Since last Wednesday, Raja Petra has posted five articles in his Malaysia Today blog disparaging P Balasubramaniam, the former private investigator embroiled in the Scorpene controversy.
They range from insinuating he worked for Perimekar - the company that negotiated the Scorpene submarines purchase - to suggesting that the private eye was involved in the murder of Altantuya, the Mongolian woman who allegedly acted as the French interpreter in the multi-billion ringgit deal.
A livid Balasubramaniam (right) has denied the allegations by Raja Petra, who is also known as RPK, the initials of his name.
According to Balasubramaniam, what sparked the fallout between the two him was his lengthy three-part interview with Malaysiakini published earlier this month, in which the private eye described RPK’s controversial remarks aired by TV3 shortly before the Sarawak state election last year as “good news” for the BN.
The day the Balasubramaniam interview appeared in Malaysiakini , RPK shot an angry email to the private investigator, who is now based in India.
"I think there are certain parts of this article, which are very naughty. What is Malaysiakini and Bala trying to do? This is spinning the truth,” said the outraged blogger.
“Well, I shall have to hit back I suppose and tell my side of the story. War is war."
In the email, RPK appended four paragraphs of the interview that had upset him:
“You know these guys, they already got ‘good news' from Perth and they needed more ‘good news’ from India,” said Balasubramaniam cryptically, though he declined to elaborate further.
“It was also around this time Raja Petra Kamaruddin's interview with TV3, which was done during the controversial blogger's visit to Australia, hit the airwaves.
“In the interview, which was also carried by the mainstream TV stations, Raja Petra disavowed his statutory declaration (SD) linking Prime Minister Najib Razak's wife Rosmah Mansor to the Altantuya Shaariibuu murder case.
“Raja Petra, who is in self-imposed exile in United Kingdom, alluded that his SD was based on information ‘planted' by PKR leaders desperate to prevent Najib, who was then deputy prime minister, from succeeding Abdullah Ahmad Badawi.”
Six days later, RPK launched his first salvo against Balasubramaniam, in which he equated the private eye, whose full name is Balasubramaniam Perumal or P Balasubramaniam, to an individual named in the French police documents as Bala Subramaniam, who is said to be part of the Perimekar negotiation team.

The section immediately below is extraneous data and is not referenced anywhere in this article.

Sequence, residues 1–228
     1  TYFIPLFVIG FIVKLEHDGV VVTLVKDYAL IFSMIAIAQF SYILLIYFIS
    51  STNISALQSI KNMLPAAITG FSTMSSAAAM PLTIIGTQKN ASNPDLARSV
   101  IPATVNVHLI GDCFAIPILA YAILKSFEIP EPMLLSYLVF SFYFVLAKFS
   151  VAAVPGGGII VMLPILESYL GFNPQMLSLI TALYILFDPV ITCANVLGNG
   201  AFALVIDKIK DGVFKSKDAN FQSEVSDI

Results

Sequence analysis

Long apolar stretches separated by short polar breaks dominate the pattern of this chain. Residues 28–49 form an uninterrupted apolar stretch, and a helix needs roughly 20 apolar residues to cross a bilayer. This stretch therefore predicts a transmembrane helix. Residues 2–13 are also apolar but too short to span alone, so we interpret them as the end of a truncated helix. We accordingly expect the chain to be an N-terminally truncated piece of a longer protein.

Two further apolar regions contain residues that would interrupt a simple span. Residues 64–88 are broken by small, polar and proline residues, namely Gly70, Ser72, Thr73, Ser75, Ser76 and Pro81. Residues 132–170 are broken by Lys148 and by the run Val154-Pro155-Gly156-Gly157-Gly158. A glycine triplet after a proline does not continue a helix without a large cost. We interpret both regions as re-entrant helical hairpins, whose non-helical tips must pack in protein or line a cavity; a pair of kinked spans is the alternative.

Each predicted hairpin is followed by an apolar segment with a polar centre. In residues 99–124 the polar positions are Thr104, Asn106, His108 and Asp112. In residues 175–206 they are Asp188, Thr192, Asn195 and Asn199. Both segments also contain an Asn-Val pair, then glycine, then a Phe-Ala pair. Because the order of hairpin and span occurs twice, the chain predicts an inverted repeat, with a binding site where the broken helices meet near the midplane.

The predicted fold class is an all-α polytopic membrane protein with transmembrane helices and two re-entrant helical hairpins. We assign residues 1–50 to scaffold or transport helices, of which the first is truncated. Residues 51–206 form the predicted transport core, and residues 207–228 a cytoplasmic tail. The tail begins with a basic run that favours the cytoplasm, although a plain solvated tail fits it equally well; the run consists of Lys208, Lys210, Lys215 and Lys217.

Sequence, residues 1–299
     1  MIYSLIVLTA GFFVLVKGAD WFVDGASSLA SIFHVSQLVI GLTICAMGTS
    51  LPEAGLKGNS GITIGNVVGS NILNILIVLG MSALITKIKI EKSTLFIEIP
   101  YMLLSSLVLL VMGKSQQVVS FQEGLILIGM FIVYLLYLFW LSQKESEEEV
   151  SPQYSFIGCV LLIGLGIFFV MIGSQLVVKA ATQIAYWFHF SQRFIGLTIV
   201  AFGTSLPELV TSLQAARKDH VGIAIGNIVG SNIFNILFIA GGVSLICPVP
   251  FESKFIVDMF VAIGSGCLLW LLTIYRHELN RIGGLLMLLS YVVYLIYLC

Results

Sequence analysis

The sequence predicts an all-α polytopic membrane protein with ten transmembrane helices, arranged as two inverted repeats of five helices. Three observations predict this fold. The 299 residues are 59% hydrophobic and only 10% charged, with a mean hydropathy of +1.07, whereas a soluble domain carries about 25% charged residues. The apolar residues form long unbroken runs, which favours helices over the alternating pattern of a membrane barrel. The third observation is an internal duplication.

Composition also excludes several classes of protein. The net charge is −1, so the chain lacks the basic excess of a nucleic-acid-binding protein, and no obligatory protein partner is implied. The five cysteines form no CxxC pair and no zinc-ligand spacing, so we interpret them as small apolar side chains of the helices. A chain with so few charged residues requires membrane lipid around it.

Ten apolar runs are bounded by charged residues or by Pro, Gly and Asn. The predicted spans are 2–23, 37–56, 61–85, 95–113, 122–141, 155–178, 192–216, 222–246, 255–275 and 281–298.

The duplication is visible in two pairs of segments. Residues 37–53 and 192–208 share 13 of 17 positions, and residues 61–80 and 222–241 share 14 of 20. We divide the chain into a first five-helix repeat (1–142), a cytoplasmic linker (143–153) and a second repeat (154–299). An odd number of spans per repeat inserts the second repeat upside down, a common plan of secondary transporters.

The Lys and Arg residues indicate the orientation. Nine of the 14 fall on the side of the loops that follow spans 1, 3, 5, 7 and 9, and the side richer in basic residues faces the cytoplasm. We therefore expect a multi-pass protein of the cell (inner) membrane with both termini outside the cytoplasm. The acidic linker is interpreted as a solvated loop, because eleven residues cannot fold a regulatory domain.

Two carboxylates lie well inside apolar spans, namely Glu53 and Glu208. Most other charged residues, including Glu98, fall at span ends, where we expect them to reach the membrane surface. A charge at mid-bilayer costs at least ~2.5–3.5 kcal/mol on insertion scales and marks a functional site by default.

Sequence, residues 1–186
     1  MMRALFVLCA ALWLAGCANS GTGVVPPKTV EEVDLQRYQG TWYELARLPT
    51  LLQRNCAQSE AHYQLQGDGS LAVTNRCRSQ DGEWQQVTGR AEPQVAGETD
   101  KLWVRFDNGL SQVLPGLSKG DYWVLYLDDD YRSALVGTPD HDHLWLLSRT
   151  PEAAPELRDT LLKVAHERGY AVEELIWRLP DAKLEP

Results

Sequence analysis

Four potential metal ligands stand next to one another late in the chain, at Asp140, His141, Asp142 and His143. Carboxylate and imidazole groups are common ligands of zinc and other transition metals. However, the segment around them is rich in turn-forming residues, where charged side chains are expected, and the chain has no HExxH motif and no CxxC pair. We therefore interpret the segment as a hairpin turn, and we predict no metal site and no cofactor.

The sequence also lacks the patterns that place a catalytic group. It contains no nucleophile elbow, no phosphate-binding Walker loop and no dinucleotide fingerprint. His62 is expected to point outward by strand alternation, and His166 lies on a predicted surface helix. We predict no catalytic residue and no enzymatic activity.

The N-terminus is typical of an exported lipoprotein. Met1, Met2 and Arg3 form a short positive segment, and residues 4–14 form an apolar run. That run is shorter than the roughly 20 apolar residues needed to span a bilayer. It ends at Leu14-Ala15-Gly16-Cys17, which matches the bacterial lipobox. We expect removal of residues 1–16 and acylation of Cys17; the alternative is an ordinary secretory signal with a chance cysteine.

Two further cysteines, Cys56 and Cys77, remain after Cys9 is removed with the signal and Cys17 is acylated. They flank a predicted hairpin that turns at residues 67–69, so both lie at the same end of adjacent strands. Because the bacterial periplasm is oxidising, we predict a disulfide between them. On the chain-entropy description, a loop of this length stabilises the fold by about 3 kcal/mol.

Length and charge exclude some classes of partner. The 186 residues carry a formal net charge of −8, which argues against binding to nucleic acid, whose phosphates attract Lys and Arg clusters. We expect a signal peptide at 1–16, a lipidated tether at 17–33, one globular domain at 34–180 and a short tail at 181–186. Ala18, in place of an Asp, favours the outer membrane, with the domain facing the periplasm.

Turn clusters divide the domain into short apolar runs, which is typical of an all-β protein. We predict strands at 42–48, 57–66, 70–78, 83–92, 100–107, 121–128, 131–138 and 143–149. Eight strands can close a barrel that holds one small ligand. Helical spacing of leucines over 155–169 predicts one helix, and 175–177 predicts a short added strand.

From this piece of information, RPK alleged that Balasubramaniam was a business proxy of Perimekar director Abdul Razak Baginda, the man at the centre of the Altantuya murder scandal.
Private eye Balasubramaniam had vehemently denied he was the person named in the French documents and said that he had never worked for Perimekar.
The private eye added that while he knew the other ‘Bala Subramaniam' as both were involved in the security business, the last time he saw the man was after being introduced to Razak, when he took the 10-day job in 2006 to stop Altantuya from harassing her former lover and demanding US$500,000 (RM1,567,255) from the Perimekar boss, allegedly for her part in the Scorpene deal.
Balasubramaniam said that in 2000 - the year the other Bala Subramaniam was on the Perimekar negotiation team - he was working for Rentak Gagah Security Services, based in Petaling Jaya.
Lost in translation
Even more bizarre is RPK’s allegation that Balasubramaniam could have been an accomplice in the Altantuya murder, and suggested that he may even be a hired killer.
The private eye told Malaysiakini that he had never killed anyone in his life, even when he was with the police Special Branch.
RPK has also pointed out a contradiction in Balasubramaniam’s account on what happened on Altantuya’s final day.
In his SD, Balasubramaniam said he sent a text message (SMS) to Razak on encountering the Mongolian woman outside the latter's house, and Razak had responded by instructing him to “delay her” until his men arrived.
However, in the French police statement, Balasubramaniam said that Razak (left) did not respond to his SMS message.
Asked about this, Balasubramaniam told Malaysiakini that it was likely to be an error in the English to French translation.
He insisted that Razak did reply to him that day, and it was this SMS that exonerated him from involvement in the murder, after he was repeatedly interrogated for many days by the Malaysian police.
Meanwhile, PKR leader R Sivarasa has dismissed RPK’s allegations as "malicious fiction", and described the blogger's postings as his "usual spin of mixing truth and fiction".